The amplitude chang ein the signal at the quadrant-one-quadrant-two border is ignored by the receiver (and, in fact, could be avoided entirely by reducing the reflectance of quadrant 2). With this on-course case the signal duration for quadrants 1 and 2 is equal to the no-signal duration for quadrants 3 and 4 and channel Y interprets the up-down position to be correct. For the off-course case in FIG. 3 the nutation center has risen above the horizontal quadrant axis and on-time of the signal is thereby too great. This time increase indicates to channel Y that the missile is too low (because, of course, the telescope image is always inverted). The percent increase indicates the degree of error and thus may be used to determine the proportional amount of horizontal fin deflection which will serve best to correct the missile course without oscillation about the line-of-sight. Another off-course situation not shown waith the missile too high is denoted by too little signal time (or the ratio of on to off time is less than unity) and this implies that reverse fin control is to be applied.
Azimuth control for the missile is accomplished in a parallel manner using the same telescope and encoder, but by sensing radiation in the orthogonal X channel. It is evident from FIG. 2 that the signal on/off time ratio is not affected in channel Y by any amount of azimuth error and the symmetrical situation exists for channel X. The X and Y control loops are independent as indeed they must be.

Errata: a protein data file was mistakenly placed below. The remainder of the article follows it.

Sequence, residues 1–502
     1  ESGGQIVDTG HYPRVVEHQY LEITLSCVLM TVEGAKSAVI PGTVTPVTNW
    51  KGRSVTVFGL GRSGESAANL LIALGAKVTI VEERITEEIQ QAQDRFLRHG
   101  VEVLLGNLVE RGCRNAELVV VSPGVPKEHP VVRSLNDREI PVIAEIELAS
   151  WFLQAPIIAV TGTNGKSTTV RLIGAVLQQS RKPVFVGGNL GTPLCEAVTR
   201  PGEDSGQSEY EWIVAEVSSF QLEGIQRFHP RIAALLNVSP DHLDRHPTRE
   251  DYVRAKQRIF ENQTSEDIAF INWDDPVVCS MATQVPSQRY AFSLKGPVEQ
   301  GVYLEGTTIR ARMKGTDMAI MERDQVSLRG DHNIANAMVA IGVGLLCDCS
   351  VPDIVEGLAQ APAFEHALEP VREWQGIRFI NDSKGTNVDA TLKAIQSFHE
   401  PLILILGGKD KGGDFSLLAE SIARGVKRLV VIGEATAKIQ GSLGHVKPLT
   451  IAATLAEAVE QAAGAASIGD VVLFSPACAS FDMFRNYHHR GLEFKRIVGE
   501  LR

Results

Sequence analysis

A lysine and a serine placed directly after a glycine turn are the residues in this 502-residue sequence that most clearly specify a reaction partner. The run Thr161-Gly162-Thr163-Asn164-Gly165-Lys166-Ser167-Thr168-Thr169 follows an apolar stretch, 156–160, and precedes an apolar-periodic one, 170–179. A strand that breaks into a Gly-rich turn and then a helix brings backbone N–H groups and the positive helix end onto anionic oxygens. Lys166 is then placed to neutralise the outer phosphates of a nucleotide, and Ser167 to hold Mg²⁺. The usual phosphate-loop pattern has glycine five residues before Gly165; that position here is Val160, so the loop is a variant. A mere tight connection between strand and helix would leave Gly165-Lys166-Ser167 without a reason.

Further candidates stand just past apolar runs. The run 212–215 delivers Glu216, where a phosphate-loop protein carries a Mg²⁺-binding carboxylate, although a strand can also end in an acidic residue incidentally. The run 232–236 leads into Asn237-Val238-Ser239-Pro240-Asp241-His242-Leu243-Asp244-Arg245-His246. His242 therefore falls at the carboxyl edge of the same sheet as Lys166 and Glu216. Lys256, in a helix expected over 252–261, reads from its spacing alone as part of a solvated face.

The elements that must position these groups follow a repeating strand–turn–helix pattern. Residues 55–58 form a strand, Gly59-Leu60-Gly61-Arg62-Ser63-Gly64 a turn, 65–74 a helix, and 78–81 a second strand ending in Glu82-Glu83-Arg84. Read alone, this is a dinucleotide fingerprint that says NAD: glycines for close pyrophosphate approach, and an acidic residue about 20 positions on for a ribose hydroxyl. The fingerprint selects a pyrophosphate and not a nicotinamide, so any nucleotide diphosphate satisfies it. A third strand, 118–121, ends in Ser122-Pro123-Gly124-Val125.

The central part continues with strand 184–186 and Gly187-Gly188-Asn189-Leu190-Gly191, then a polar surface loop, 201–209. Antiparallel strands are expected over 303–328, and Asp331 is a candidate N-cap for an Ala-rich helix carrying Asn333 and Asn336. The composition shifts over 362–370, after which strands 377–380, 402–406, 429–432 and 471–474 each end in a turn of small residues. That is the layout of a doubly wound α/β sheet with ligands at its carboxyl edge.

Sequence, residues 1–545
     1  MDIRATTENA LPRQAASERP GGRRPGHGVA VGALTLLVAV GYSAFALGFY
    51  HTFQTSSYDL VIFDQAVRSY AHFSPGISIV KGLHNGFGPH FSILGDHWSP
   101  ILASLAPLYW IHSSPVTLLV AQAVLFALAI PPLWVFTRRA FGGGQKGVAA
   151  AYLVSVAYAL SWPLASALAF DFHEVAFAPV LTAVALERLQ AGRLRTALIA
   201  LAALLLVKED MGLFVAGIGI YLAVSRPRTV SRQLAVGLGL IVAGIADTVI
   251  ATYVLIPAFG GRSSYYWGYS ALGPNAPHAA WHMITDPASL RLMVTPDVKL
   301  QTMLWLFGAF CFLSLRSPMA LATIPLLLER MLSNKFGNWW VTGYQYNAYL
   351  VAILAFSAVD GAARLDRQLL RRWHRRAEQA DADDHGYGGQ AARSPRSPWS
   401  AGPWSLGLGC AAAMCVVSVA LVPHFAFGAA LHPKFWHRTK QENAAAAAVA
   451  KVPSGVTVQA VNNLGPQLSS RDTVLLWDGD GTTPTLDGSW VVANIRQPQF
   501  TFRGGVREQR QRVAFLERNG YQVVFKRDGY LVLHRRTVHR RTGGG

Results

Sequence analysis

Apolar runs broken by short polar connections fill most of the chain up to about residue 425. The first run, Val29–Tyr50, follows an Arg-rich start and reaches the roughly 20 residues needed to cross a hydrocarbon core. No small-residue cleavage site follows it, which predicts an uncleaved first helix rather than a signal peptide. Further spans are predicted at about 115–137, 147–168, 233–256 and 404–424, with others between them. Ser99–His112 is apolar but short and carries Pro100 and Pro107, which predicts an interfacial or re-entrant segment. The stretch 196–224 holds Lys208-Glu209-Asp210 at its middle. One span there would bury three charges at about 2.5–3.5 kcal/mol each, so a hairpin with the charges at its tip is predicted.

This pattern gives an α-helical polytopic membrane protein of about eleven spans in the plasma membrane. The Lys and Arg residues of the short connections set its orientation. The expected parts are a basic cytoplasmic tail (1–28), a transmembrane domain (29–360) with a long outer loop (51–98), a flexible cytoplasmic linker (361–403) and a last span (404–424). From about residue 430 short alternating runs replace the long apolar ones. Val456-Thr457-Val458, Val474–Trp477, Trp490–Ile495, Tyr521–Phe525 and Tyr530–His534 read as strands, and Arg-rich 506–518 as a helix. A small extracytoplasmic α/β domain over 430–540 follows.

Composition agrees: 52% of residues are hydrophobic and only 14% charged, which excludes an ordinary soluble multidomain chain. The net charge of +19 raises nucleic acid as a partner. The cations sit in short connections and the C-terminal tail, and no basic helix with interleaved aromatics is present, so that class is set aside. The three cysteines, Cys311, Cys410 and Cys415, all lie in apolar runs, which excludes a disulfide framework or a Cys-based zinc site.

Some line-of-sight missiles employ a controlled spin for trajectory stabilization while others depend upon an autopilot to eliminate roll and stabilize pitch and yaw. It is the latter type which are adaptable to the guidance device thus far described. It appears that production cost per round would be lower with the spinstabilized approach because the costly gyros, accelerometers, etc., of the autopilot may be eliminated. If guidance error considerations also justify the spinning airframe, then the missile control telescope must be designed with a roll-tracking capability or alternately the missile must determine its own roll state with some sort of interial sensor to properly interpret azimuth/elevation commands from the telescope so that deflection is applied to the proper fins.
The present invention includes a roll tracker (FIG. 4) for the control telescope which again incorporates the polarized property of the missile beacon flux. The tracker is integrated with the body of the control telescope and incorporates a second small telescope, a spectral filter matched to the beacon spectrum, a polarization-free beamsplitter, two field lenses, two polarizers (or analyzers), two sensors, a servo motor and associated electronics. A field stop is placed in each of the sensor channels A and B to define a field including the line-of-sight and each field lens images the telescope entrance aperature upon a sensor. Each of the polarizers is mounted so as to be free to rotate when driven by the servo motor. This motor is geared to the polarizers in a manner that maintains the polarization directions orthogonal to one another (as seen looking into the telescope) and maintains the beacon at its polarization launch state.
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|International Classification||F41G7/26, G01S3/787|
|Cooperative Classification||F41G7/266, G01S3/787, F41G7/263|
|European Classification||F41G7/26E, F41G7/26B, G01S3/787|